The goal of a comparison shopping engine is to compare like items from different merchants. Shoppers ordinarily use these engines once they know what they want to buy; they just want to find the best place for it. Google Product Search, Google’s comparison shopping engine, has recently announced some changes which should increase the overall shopping experience for its shoppers. Google is achieving this goal in the next coming weeks, by requiring merchants to include data which was previously optional in most selling categories. This blog will cover the required changes.
Beginning on May 3rd Google will be requiring “Unique Product Identifiers” for all products except for “apparel and one-of-a kind items”. Basically this means that Google is requiring that merchants start including either the UPC 12-digit barcode number, and / or the original manufacturer’s part number (MPN) along with the product data they are sending to Google. This information will be used by the engine to compare your products with your competition’s products.
I would just like to shed some light on this, in hopes of clearing up some confusion. “Unique Product Identifiers” might not be the best name to help you understand exactly what Google is actually looking for. Think of it like this: Google receives identical products from many different stores, and since these items are coming from different stores, they will be named, described, and priced differently (since different people sell them). Google needs a way to group these similar products together for the shopper, and currently the way Google matches like products is through the UPC or MPN. These numbers will be the common theme across your products and your competition’s products.
Once Google finds products that are indeed the same, it will then allow the shopper to compare prices for that item. Like this:
Once the shopper clicks “compare prices”, it will look like this:
Wait, there is more. Google has also announced that it is also requiring merchants to begin sending all tax and shipping information for their items. This requirement is dated to begin on June 6th, so you still have a few months to comply. Like most comparison engines, Google gives you two ways to provide your tax and shipping information. You can send it with your product data, directly in your datafeed, or you can log into your Google Merchant Center dashboard and enter it there. I find it to be much easier to do this within the Merchant Center. One thing to keep in mind is that Google can calculate your shipping based on weight and the real time shipping value from UPS, FedEx, or USPS. It might be impossible to get your shipping exact for your unique situation, but it’s likely that it won’t be hard to get accurate without much work.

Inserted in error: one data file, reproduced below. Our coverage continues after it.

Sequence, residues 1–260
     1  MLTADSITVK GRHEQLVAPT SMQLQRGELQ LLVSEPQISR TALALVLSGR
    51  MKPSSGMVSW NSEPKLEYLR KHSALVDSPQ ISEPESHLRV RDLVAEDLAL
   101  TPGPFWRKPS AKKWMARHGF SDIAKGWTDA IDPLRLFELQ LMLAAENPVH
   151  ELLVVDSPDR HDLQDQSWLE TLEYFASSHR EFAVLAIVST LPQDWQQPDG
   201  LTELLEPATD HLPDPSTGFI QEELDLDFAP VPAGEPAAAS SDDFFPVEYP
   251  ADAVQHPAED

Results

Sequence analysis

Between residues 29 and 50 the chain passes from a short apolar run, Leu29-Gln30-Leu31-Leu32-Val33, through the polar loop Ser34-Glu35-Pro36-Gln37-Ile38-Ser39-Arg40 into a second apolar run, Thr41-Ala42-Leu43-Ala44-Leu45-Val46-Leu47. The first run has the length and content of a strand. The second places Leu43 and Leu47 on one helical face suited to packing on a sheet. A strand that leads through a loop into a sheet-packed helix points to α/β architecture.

There is still more. Google is also recommending that sellers begin to include “Sale Price” information in their data feed. The “Sale Price” column will be used for your product’s lower price when it’s on sale. If the items price is not on sale, then you would just leave the “Sale Price” column blank.
I haven’t noticed any visible change for the shopper by using “Sale Price”, but maybe in the near future it will work like other shopping engines where your old price will get crossed out, and the new lower price will be visible for the shopper. However, if this is how Google recommends getting the lowest price for your item, then it is a good idea to comply.
All of these changes are not required for a few weeks, but I would recommend you take action to include these product attributes soon. Remember these are put in place to help the overall shopper experience, but they could potentially make your items more visible then they previously were too. We have updated FeedPerfect to handle all of these changes that Google has recently announced, and wish you the best of luck with your data feeds.
Here is some more information on Unique Product Identifiers: http://www.google.com/support/merchants/bin/answer.py?answer=160161
For the official Google article: